Company culture: What’s your icon?
Every company has a logo. But how many organizations have an icon that represents what it stands for? In my work helping companies articulate their culture, we often “personify” the company, using its personality and values to create a snapshot of who the company would be if it were a person. It is given a name and introduced to every employee (new and existing) as a guide to make decisions. “What Would (NAME) Do?” is the answer to “what should I do in this situation?” Because everyone in the organization has been exposed to the personification, it becomes a framework for consistent decision making.
I had the opportunity to talk with Cameron Mitchell about his culture, and he told me about the Milkshake icon. Every associate in the company knows the Milkshake story. It drives their behavior with each and every customer by reminding them, “The answer is YES. What’s the question?” Cameron chose this icon because he was once told at a restaurant (not his) that they didn’t have milkshakes on the menu. Cameron’s son really wanted one. The waiter’s answer was “No, we don’t have milkshakes.” Cameron asked if they had milk. “Yes” was the reply. Did they have ice cream? “Yes.” Chocolate? “Yes.” Then they had milkshakes.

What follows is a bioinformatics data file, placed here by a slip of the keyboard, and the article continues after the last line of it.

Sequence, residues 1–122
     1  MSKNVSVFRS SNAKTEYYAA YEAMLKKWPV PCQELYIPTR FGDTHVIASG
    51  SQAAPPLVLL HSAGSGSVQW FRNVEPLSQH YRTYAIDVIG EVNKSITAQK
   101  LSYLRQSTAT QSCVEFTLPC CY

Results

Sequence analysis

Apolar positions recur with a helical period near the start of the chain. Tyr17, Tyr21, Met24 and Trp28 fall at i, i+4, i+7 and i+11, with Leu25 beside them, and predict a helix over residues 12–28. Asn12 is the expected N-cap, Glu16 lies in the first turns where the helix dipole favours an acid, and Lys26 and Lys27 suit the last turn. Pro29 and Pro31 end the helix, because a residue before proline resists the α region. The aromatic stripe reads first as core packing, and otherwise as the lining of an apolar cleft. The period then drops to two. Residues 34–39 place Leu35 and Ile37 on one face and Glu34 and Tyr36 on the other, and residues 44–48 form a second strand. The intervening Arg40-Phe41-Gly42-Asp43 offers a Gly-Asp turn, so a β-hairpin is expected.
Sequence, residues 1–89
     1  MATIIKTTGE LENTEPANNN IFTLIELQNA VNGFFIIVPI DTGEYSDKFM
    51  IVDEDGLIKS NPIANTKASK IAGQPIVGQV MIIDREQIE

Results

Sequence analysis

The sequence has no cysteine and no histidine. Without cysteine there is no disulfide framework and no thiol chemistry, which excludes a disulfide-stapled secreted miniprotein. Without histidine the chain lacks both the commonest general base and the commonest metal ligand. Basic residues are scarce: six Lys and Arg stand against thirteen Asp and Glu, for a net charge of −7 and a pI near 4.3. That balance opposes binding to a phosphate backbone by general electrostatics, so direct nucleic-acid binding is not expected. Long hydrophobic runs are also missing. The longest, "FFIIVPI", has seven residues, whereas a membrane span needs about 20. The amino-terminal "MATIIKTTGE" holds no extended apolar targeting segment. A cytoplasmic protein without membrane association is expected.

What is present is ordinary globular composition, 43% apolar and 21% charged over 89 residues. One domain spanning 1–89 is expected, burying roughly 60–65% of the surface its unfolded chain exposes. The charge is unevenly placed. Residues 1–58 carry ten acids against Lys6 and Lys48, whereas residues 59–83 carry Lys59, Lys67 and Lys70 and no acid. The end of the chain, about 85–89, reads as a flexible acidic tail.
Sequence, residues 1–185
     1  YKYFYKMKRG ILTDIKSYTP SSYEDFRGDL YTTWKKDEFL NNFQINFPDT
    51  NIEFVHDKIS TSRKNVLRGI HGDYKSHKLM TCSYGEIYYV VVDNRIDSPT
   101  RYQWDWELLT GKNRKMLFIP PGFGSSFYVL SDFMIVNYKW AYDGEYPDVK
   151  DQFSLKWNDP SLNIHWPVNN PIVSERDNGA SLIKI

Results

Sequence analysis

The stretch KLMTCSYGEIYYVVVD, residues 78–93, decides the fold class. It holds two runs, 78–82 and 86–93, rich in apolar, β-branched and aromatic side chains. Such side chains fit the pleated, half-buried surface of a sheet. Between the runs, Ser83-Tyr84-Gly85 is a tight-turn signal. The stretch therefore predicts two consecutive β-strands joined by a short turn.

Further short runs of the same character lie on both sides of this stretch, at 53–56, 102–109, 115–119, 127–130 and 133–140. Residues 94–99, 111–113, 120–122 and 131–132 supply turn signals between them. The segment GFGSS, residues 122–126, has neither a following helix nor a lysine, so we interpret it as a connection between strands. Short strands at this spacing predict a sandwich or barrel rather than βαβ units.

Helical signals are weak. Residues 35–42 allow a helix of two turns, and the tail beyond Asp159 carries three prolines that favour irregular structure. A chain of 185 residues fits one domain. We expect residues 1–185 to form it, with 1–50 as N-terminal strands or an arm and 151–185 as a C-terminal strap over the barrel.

Another company I have worked with, Elford Construction, has personified “Pop,” the founder of the 101-year old company. While every employee knows Pop and the mission, vision, and values of the company, the icon that brings it to life is a worn work boot. It signifies the way they do business — with their customers every step of the way, in the trenches working hard to get it done right, as dependable as the sunrise and sunset, as honest as the day is long. A worn work boot is on display in Elford’s lobby in a museum-like kiosk along with the original ledger sheet and a few other artifacts.
Both of these companies began their icon by articulating their mission, vision and core values. Both have enjoyed success because every team member LIVES those values. – It’s mandatory.
We’d like to hear about your company’s icon. And, we’d like to share an Up Close and Personal form with you that can help you bring your company to life. For more details on articulating your company’s culture and developing its icon, contact Sandy Fekete.
Sandy Fekete • April 11, 2012
Posted in these categories:Marketing Tips
With these tags:Cameron Mitchell, Cameron Mitchell catering, CAP2, companies are people too, company behavior, company logo, company personality, company values, core values, Culture, Elford construction, icon, organizational icon, personifying your company